The 2012 U.S. News and World Reports’ Best Colleges ranking to be released on Sept. 13 will include for the first time for-profit colleges and universities that grant bachelor’s degrees and are regionally accredited—many of which are online programs.
The news came in an article about the methodology behind the list posted on the U.S. News website by ranking guru and economist Robert Morse. Recently profiled in the Washington Post about the controversial, yet popular rankings, Morse has been at the helm of Best Colleges at U.S. News since 1989.
This year, readers will notice that some institutions were moved from one category to another, and others were added. U.S. News sorts more than 1,600 colleges into four groups: National Universities, National Liberal Arts Colleges, Regional Universities, and Regional Colleges. To do this, researchers rely on the Carnegie Foundation for the Advancement of Teaching’s Carnegie Classification of Institutions of Higher Education. Carnegie updated its list in 2010 for the first time since 2006, and those changes were reflected in the 2012 U.S. News list. Morse says the biggest changes in the ranking this year are linked to this category update.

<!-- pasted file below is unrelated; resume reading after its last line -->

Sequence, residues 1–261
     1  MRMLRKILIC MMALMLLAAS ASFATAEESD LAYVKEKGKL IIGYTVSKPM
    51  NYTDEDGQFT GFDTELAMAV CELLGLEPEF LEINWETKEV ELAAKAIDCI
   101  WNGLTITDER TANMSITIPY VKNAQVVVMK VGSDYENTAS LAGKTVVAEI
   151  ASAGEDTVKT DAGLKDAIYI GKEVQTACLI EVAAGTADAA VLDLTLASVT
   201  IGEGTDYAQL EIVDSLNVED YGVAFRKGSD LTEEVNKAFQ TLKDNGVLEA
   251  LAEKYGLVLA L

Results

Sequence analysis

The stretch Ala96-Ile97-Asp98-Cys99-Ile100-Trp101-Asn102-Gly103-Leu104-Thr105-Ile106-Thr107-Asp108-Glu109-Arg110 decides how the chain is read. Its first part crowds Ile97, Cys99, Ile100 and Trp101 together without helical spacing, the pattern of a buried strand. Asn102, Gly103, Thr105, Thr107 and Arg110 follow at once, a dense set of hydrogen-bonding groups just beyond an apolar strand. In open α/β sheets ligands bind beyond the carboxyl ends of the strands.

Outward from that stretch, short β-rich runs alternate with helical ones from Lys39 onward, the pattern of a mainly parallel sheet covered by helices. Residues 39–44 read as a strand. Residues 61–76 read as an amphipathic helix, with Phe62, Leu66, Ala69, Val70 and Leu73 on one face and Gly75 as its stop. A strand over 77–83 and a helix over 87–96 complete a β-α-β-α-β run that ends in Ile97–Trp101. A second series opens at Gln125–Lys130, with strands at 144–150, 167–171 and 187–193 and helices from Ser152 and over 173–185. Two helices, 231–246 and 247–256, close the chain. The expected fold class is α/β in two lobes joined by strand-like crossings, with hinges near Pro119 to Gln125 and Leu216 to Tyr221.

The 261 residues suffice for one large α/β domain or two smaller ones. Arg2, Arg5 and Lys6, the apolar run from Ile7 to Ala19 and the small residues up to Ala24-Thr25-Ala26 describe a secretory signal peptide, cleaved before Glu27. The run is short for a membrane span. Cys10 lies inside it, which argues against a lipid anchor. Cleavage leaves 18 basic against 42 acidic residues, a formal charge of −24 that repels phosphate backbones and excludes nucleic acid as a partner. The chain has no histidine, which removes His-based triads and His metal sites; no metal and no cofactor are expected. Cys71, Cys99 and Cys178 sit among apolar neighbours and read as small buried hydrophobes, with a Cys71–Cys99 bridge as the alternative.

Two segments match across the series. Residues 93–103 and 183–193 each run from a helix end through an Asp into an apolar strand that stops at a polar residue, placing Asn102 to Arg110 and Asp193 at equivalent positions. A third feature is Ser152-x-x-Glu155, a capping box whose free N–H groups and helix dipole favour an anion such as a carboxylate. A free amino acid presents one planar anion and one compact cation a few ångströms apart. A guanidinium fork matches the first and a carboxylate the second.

So, the anticipation mounts. While U.S. News has emerged as the go-to list for college rankings (last year’s publication had 10 million Internet hits the day it was released), critics urge prospective students to look at a variety of guides to find the best fit. Others to check out: The Fiske Guide, which rates rather than ranks colleges, Newsweek’s Best Colleges for You and Washington Monthly’s College Guide.
A version of this news article first appeared in the College Bound blog.